Seaweed and Chinese Medicine

Four seaweeds are commonly used in Chinese medicine:

  • The kelps Saccharina japonica and Ecklonia kurome as sources of kunbu (Saccharina, formerly Laminaria) is sometimes called haidai, to distinguish it from Ecklonia and other sources)
  • Sargassum, a brown algae, as the source of haizao; Sargassum is a very large genus and several species seem to be in use.
  • Porphyra, a red algae, as the source of zicai.

Saccharina and Sargassum have been used in China for the treatment of cancer. Inhibition of cancerous tumours in animals seems to be caused by long-chained polysaccharides. Dry Saccharina stipes have long been used in obstetrics to dilate the cervix and were known as "Laminaria tents"; the dry stipe slowly takes up water and expands; such stipes are also used in China for the insertion of intrauterine devices. According to Chinese medicine, seaweeds have a salty taste that is an indication that the material can disperse phlegm accumulation, particularly as it forms soft masses, include goitre, the thyroid swelling that indicates severe iodine deficiency.

The following are descriptions of seaweeds from Oriental Materia Medica:

Kunbu (Saccharina and Ecklonia, above) (Kombu in Japan)

      • Essence and Flavor: Salty, Cold
    • Channel Entered: Liver, Stomach, Kidney
    • Actions: Softens hardness, disperses accumulation, resolves phlegm, cleanses heat
    • Applications: Scrofula, goiter, tumor, edema, accumulation, testicular pain and swelling


Haizao (Sargassum) (Hiziki in Japan (above); generally Sargassum fusiforme, but other sargassi are used in China)

    • Essence and Flavor: Bitter, Salty, Cold
    • Channel Entered: Liver, Stomach, Kidney
    • Actions: Disperses accumulated phlegm, disperses goiter and tumor, delivers water, cleanses heat
    • Applications: Scrofula, goitre, tumor, edema, testicular pain and swelling

Zicai (Porphyra) (Nori in Japan, above)

    • Essence and Flavor: Sweet, Salty, Cold
    • Channel Entered: Lung
    • Actions: Resolves phlegm, softens hardness, dispels heat, promotes diuresis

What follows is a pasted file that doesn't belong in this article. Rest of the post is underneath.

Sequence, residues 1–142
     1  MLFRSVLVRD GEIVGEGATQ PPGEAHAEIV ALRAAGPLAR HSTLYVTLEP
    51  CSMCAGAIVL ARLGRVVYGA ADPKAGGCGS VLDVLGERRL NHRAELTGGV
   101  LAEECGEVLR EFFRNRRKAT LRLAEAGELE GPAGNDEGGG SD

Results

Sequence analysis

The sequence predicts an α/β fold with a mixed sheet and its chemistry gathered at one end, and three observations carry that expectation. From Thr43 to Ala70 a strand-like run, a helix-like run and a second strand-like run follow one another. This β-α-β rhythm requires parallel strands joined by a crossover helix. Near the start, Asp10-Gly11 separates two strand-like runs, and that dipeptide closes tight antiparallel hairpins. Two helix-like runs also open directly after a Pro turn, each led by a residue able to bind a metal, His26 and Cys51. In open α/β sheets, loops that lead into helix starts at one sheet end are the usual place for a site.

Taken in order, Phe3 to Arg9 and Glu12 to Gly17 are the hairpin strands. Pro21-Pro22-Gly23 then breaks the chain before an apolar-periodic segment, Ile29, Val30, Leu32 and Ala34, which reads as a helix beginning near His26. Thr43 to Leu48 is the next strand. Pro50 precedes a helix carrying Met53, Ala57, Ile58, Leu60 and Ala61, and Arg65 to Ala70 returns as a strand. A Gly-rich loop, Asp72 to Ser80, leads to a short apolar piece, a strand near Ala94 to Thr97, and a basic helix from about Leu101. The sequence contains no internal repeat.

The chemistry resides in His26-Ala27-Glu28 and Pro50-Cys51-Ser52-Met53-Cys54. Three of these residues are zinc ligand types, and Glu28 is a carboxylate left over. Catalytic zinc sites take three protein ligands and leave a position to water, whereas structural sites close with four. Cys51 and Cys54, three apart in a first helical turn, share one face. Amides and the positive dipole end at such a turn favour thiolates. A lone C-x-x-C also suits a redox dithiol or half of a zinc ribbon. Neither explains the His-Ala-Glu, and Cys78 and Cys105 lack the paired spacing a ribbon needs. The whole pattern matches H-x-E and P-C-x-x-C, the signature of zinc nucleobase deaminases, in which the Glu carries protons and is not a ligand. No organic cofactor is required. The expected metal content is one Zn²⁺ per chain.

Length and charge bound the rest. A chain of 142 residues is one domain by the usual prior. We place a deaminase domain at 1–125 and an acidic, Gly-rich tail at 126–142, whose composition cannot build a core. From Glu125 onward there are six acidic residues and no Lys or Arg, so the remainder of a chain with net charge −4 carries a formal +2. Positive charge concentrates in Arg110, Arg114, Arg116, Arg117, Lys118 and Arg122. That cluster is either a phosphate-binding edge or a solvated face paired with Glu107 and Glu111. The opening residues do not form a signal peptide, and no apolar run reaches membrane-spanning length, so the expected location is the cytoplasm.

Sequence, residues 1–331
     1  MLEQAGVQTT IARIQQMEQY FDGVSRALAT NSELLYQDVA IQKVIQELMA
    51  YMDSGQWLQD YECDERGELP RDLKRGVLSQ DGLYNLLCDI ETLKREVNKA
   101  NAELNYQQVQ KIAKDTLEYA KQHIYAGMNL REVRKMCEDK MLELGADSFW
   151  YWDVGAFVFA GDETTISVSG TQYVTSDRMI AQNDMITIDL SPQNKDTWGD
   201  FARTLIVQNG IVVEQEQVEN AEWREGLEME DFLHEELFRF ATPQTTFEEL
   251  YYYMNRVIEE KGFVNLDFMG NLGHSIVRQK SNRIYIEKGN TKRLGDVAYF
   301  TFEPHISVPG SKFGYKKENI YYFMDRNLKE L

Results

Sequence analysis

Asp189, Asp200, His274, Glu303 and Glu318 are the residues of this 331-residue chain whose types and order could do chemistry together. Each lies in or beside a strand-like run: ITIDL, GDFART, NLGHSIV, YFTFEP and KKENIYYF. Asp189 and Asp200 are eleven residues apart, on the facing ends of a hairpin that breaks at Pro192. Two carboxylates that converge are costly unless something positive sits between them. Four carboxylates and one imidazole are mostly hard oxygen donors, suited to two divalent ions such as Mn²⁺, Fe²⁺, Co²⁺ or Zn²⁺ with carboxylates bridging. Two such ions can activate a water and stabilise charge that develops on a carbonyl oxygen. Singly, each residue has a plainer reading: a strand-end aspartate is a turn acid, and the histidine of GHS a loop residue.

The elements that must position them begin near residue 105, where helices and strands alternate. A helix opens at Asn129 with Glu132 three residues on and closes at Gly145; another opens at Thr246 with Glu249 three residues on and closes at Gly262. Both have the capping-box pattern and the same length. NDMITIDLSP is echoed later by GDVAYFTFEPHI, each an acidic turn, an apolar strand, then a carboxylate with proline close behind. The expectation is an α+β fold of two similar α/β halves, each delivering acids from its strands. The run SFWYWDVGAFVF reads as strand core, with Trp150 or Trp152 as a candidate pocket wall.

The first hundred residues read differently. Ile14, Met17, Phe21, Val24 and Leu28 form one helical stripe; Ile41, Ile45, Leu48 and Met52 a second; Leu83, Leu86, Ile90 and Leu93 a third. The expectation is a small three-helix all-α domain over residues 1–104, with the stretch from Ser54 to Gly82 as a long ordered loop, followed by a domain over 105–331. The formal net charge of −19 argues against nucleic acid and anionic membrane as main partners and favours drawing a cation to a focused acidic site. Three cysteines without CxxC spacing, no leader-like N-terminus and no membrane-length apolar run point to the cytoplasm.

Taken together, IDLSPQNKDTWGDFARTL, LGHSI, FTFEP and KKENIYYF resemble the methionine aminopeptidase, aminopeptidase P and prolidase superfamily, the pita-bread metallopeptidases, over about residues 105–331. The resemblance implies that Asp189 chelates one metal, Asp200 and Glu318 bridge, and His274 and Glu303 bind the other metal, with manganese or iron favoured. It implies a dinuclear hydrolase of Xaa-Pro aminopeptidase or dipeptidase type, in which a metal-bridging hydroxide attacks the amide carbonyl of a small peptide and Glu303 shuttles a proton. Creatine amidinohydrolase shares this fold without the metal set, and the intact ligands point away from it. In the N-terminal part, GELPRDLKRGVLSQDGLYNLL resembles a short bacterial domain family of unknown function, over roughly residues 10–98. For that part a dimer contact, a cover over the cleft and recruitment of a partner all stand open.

• Applications: Goiter, beriberi (leg swelling), oedema, urinary infection, sore throat

The descriptions for kunbu and haizao are quite similar. Yang Yifan wrote about the differences between these commonly used seaweeds: Haizao and Kunbu are salty and cold, and enter the liver, lung, and kidney meridians. Both can clear heat, transform phlegm, soften hardness, and dissipate nodules. They can also promote urination and reduce edema. In clinical practice, they are often used together to treat nodules such as goiter and scrofula. There are some differences between the two seaweeds. Haizao is stronger in transforming phlegm and dissipating nodules, and it is more suitable for treating goiter and scrofula. Kunbu is stronger in softening hardness and reducing congealed blood; it is more suitable for treating liver-spleen enlargement, liver cirrhosis, and tumors. One of the best known formulas with the seaweeds is Haizao Yuhu Tang, or the Sargassum Decoction for the Jade Flask. This formula of 12 ingredients includes Sargassum, Ecklonia, and Saccharina. It was used to treat a condition of goitre which was so severe it made the throat look like a large flask. However, these seaweeds have been adopted into formulas for treating other soft swellings, including ovarian cysts, breast lumps, lymph node swellings, lipomas, and fat accumulation from simple obesity (modified from